I can't quite see bolt guns being entirely replaced by semis either. But in urban environments most snipers in my unit would prefer their semi-automatic rifles for better firepower against the scenario of multiple targets. I guess that Private News Network, even if a sniper said it, isn't entirely accurate. Said PNN stated that the M24 was gonna be replaced by the M110. I figured upgraded maybe, but not replaced by a semi, especially in Afghanistan.

More than a few AARs from snipers have echoed similar sentiments. Having read several books by former snipers (namely HOGs in the Shadows by Milo S. Afong and Ronin by Mike Tucker) semi-auto sniper rifles are simply preferred in urban environments.

And, blackops, I agree with you on the M40 being around for a while. Someone a few posts back explicitly stated that an A5 variant is due to be fielded.

Kind of Blued
July 4, 2009, 05:28 AM
No sense in getting rid of the bolt-guns, but I'm glad soem of our boys are getting these semi-auto weapons. The nature of urban combat, and an utter lack of rhyme or reason from the enemy leaves the guy with the bolt gun wanting, I'd imagine.

LoneRider
July 4, 2009, 05:36 AM
Supplanting the bolt guns with a semi-auto that is virtually indistinguishable from the other rifles in the patrol definitely helps. A friend of mine said snipers used to carry their M40s on their backs and patrol with their M16s to and from the hides.

My reading of the book Ronin - A Scout Sniper Platoon in Iraq by Mike Tucker actually chronicles a supremely idiotic idea by the chain of command to try and take the snipers' SAMRs, M16s, and M4s and telling them to do their missions and room clearings with the M40s. Thankfully that idea was vetoed by a much more practical chain of command.

HorseSoldier
July 4, 2009, 05:50 PM
I can't quite see bolt guns being entirely replaced by semis either.

The talk before I ETS'ed was that USASOC was going to bump all bolt guns up to 300 Win Mag and only field gas guns in 7.62x51, but that idea did not seem to be going over really well at the end-user level. As others have said, a semi-auto precision rifle is good for some roles, a bolt gun for others. Keeping both in the golf bag isn't a bad thing.

taliv
July 4, 2009, 06:04 PM
is accuracy the only advantage of a bolt over semi auto? or is someone claiming some other advantage?

(I can think of a few, but none that make up for ROF to me... not that I'm a sniper or anything)

and if it is the only advantage, then what is the accuracy requirement?

jpwilly
July 4, 2009, 06:05 PM
^^^ different missions need different tools. The AR is not the end all be all neither is a M14 or bolt action rifle all can fill a specific mission very well. I believe a mixed environment despite logistical complexity is the answer. What it appears they are still looking for is a single platform answer despite the obvious answer = there's no such thing.

Maverick223
July 4, 2009, 11:42 PM
I can think of a few, but none that make up for ROF to me...Depending upon the situation...I can see where the additional accuracy, the ability to easily police brass, the simplicity of operation, the lesser noise of he operating mechanism, the decreased movement (of the weapon during firing) could be useful for the scout sniper, however I am not one, so I can't say for sure. I can certainly see why they would want to bump up to "greater than 7.62x51" for these bolt guns, because I see the x51 as being a DMR caliber due to the practical range limitations, I think that .300WM would make a pretty good choice as it has a greater practical range without the additional recoil that would require a muzzle brake (.338LM, .50BMG, et al), and thereby be less effective for concealment. :)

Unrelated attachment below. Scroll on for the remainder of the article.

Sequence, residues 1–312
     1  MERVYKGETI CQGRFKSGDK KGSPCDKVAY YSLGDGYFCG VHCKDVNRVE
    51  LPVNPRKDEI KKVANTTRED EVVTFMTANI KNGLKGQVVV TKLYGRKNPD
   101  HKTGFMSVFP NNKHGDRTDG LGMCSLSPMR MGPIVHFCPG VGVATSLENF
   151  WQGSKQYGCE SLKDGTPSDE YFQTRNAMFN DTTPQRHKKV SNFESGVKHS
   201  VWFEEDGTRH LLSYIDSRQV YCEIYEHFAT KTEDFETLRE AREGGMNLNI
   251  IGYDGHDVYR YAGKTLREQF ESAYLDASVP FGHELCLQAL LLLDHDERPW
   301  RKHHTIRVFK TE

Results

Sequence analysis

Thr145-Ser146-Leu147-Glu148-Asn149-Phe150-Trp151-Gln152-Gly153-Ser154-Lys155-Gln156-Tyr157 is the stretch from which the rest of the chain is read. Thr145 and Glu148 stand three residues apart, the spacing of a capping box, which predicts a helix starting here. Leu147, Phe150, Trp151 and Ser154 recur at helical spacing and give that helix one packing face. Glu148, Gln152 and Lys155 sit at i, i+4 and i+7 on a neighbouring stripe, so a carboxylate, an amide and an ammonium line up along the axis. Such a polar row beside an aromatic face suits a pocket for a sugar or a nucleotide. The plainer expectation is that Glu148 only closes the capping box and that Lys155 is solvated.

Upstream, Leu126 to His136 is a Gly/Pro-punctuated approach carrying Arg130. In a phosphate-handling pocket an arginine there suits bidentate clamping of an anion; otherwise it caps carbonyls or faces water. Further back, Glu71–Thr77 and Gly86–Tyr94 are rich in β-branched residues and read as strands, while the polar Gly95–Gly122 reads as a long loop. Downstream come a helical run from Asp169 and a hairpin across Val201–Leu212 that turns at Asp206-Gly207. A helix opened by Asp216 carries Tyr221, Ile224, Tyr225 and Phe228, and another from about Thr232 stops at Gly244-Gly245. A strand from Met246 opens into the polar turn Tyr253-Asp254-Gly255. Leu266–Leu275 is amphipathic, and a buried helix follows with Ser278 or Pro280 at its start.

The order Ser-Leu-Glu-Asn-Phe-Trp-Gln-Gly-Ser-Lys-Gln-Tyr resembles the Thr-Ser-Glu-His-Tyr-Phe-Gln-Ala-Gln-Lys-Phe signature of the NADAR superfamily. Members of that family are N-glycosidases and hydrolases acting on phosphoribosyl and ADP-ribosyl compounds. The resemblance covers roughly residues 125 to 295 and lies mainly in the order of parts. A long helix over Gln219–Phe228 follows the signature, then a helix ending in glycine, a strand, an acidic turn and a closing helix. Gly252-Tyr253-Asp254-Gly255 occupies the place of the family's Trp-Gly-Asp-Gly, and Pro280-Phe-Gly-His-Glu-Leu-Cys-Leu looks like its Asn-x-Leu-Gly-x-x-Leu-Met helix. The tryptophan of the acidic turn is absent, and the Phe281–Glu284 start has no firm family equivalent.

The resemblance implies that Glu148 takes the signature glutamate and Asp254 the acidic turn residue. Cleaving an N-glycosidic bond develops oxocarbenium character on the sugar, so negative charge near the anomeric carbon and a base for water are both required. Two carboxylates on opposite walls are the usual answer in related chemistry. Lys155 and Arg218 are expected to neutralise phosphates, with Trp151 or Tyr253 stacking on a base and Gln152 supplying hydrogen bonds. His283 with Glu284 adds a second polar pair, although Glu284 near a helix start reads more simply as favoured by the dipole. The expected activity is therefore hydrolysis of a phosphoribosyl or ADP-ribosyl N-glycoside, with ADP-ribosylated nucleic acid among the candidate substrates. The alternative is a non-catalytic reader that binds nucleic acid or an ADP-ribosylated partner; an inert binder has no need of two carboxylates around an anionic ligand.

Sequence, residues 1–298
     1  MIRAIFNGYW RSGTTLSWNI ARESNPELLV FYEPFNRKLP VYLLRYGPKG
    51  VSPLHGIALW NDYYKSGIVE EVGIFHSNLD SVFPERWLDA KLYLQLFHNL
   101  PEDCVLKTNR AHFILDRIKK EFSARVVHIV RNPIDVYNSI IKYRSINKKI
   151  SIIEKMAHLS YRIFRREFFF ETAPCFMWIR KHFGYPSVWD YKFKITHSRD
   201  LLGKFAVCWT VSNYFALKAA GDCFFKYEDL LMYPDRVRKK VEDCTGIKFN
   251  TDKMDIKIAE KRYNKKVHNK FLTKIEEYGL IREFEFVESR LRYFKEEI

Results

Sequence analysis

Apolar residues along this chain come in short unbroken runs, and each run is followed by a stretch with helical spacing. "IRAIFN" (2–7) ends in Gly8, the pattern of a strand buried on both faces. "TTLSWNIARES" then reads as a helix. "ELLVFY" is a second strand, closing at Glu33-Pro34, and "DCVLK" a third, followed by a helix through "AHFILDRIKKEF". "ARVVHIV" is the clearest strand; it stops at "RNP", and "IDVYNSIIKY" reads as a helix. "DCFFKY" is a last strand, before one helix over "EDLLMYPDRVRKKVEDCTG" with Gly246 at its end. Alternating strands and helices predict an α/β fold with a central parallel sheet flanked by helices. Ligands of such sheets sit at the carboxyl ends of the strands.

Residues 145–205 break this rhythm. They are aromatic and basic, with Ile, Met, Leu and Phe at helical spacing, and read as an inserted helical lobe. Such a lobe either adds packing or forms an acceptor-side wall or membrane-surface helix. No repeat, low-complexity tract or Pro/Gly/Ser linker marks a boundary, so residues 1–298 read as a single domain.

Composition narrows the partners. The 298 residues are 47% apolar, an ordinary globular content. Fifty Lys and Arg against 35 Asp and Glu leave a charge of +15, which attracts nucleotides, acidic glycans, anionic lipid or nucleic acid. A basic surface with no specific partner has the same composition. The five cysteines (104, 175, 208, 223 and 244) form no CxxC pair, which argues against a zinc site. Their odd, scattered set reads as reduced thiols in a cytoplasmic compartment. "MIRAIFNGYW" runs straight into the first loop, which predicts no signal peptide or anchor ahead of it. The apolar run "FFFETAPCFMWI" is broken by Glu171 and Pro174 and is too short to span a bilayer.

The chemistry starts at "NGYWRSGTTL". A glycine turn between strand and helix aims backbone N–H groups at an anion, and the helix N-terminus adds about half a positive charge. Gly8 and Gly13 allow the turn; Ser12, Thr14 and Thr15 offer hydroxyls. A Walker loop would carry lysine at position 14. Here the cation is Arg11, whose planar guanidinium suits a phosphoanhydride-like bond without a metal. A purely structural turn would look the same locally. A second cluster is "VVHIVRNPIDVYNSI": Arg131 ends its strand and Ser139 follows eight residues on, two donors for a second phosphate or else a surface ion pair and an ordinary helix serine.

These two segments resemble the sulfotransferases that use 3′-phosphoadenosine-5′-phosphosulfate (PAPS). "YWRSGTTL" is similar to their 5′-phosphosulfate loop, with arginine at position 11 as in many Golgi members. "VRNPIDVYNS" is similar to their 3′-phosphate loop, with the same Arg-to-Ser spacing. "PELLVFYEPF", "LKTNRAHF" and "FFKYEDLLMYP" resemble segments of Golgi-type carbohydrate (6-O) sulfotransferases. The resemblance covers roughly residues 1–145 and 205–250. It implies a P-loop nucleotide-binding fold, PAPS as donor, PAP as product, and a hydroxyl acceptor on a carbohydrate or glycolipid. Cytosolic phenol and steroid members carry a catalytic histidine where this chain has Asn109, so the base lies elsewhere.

LoneRider
July 5, 2009, 02:27 AM
The talk before I ETS'ed was that USASOC was going to bump all bolt guns up to 300 Win Mag and only field gas guns in 7.62x51, but that idea did not seem to be going over really well at the end-user level. As others have said, a semi-auto precision rifle is good for some roles, a bolt gun for others. Keeping both in the golf bag isn't a bad thing.

Lord knows I agree with you about the golf bag concept. I'm no sniper, as the disclaimer, but as a huge gun enthusiast I can see the logic. From the snipers I've spoken with, most would agree with you.

At least for urban sniping a lot of them prefer the semi-automatic weapons for added firepower and precision. And according to Hans Halberstadt's Trigger Men (our senior snipers in the unit agree with this assessment) was that in Iraq a vast majority of sniper kills have been made using M16s or semi-automatic weapons.

That being said I would say the inherent accuracy of bolt action rifles, especially ones chambered in .300 Mag would be ideal for moutain terrain (a friend of mine who hunts in the mountains of Wyoming swears by that caliber (he uses a .300 Mag in the Remington 700 long action to hunt pronghorn) and again many of the snipers from my unit, some of whom have at least one Afghanistan tour, say a .300 or .338 would be ideal in that terrain).

What it appears they are still looking for is a single platform answer despite the obvious answer = there's no such thing.

Lord knows I agree with you. I figure the bean counters are trying to get our snipers and marksmen to make do with a 'one size fits all gun' in the name of 'budget', but failing to realize your obvious logic. Now how to balance both budget and a variety of different sniper weapons systems in the arsenal isn't really my lane.